I'm headed to California to see the Springfield June 1st and I've already made my flight arrangements for the bridge school. It’s all about this guy’s music and his message that I just can’t seem to get enough of.

At 5/15/2011 01:32:00 PM, Blogger Rusted said...

Awesome review Thrasher. Neil just keeps doing what he does, which is, make incredible music that matters.

We are so lucky that he's among us.


At 5/15/2011 02:17:00 PM, Blogger Rusted said...

BTW, nice to see the photos by Steve Babineau, a longtime Boston-area photog who has done a lot of work for the Boston Bruins.

I still have the autographed Neil posters he did to benefit the Bridge School about 20 years ago!

At 5/15/2011 04:25:00 PM, Blogger Greg McGarvey said...


At 5/15/2011 05:05:00 PM, Anonymous tj said...

I'd recognize that pic anywhere! Got one from Fresno, back on the Pinks hybrid tour.
Glad y'all had a good time! - tj

At 5/15/2011 06:05:00 PM, Blogger karen said...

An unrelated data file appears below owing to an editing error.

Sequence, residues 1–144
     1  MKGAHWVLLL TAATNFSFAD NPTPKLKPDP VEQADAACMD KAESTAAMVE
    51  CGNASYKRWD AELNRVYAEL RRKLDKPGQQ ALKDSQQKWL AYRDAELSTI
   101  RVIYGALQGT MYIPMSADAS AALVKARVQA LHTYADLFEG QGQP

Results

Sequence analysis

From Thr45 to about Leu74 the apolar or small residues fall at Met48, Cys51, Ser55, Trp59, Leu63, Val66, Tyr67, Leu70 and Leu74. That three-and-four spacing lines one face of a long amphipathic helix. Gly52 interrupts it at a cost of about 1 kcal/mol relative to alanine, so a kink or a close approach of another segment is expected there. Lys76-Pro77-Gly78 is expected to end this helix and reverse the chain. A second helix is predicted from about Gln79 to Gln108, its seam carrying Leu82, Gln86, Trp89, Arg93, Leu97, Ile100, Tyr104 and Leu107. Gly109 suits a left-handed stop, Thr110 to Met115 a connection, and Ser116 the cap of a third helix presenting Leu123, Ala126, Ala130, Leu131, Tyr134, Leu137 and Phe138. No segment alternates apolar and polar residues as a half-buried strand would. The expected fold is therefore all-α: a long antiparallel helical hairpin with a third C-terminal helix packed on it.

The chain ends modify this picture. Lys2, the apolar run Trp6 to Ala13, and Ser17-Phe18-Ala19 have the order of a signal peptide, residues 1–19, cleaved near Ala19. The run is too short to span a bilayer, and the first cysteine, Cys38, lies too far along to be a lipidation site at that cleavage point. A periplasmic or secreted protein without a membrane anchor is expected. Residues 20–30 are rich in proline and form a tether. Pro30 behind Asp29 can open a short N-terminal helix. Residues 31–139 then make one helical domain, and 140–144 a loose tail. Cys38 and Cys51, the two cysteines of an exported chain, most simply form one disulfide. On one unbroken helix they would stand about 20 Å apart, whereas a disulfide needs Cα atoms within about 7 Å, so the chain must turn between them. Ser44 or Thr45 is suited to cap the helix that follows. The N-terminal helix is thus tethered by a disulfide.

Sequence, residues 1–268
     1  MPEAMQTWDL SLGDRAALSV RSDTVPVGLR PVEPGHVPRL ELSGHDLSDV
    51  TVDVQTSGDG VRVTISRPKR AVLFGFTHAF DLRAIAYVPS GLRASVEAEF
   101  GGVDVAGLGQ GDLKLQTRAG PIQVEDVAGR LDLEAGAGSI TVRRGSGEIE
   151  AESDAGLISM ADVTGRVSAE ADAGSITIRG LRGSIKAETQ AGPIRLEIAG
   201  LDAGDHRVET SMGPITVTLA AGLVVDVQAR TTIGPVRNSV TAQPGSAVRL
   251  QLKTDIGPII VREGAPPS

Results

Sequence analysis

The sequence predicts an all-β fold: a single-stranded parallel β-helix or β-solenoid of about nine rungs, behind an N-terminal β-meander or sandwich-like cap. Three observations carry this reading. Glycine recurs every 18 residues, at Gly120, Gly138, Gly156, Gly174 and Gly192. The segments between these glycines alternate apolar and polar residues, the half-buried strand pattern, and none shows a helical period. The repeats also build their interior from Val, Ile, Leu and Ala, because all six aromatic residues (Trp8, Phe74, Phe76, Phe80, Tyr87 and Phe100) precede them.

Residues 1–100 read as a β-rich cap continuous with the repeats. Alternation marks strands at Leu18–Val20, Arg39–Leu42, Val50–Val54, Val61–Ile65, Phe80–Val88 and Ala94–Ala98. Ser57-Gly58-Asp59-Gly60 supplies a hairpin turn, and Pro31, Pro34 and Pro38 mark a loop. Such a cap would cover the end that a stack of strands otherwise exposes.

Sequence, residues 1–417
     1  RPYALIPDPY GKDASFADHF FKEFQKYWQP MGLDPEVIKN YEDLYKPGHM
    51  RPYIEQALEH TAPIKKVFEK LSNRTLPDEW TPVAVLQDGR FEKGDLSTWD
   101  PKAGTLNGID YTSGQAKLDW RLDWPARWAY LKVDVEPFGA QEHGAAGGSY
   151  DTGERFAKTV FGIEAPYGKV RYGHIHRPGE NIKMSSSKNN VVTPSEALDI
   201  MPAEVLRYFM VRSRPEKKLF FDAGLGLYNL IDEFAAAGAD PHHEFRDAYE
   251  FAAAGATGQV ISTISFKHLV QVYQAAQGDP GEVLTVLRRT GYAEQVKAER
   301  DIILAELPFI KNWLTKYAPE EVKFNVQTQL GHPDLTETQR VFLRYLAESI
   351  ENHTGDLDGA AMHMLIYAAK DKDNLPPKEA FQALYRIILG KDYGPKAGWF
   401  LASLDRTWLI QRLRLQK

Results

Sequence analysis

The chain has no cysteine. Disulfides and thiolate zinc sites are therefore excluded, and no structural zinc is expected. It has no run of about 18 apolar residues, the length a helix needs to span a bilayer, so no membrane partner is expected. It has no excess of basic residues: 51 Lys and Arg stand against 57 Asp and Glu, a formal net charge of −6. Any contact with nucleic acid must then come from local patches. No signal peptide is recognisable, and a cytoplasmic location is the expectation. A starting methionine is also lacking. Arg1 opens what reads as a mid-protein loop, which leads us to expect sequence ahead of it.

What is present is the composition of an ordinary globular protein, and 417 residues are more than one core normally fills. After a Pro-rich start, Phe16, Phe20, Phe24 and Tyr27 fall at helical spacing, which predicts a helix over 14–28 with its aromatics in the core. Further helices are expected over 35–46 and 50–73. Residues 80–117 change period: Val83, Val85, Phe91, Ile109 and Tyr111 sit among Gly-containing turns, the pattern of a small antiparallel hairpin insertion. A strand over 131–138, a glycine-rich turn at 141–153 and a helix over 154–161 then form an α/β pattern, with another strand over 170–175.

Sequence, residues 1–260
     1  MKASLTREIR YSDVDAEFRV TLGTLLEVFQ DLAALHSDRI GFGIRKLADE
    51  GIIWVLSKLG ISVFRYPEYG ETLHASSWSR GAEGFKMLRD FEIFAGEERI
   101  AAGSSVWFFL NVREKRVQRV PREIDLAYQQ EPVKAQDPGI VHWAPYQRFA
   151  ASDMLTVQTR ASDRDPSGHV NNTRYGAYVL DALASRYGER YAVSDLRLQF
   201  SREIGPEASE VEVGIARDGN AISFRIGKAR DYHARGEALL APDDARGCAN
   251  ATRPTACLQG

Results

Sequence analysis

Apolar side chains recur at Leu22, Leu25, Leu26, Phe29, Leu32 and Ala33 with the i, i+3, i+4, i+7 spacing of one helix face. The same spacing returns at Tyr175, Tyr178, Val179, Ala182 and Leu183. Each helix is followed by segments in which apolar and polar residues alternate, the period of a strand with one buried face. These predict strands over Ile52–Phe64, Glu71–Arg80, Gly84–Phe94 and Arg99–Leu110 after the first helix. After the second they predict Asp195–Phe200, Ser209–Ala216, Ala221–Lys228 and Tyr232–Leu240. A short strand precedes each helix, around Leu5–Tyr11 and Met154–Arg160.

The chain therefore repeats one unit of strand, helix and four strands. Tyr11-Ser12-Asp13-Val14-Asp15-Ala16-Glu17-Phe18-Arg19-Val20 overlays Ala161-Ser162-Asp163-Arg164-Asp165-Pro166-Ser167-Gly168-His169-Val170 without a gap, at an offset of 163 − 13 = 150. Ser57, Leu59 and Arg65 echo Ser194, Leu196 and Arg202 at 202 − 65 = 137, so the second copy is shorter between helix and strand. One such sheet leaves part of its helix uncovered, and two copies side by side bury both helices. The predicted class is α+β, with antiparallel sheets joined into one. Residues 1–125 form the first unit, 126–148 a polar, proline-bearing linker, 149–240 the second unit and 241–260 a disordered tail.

great to see you & thrashette, too, t ! x karen

At 5/16/2011 07:59:00 AM, Blogger SONY said...

I would dare say that most things are not as good or as bad as the reviewers say. Sometimes too much emotion, sometimes not enough of an eduacation.

The TR show I saw was excellent. The earth and the auditorium shook,and so did I.Neil Young delivers the goods. The release of LeNoise via a free 39 minute video film through youtube, genius. The b/w videos live of the recording sessions, unmatched as to artistic expression and delivery. Neil has great ideas of what to do with his work. Always inventing a new scene.

Next up, a treasure of past moments of great performances intertwined with viedo footage of it being done, even when it's video of another show. It's like real world animation without it being a cartoon.

Thanks Neil. There's no one else in your league.

At 5/16/2011 09:56:00 AM, Anonymous thezumaband said...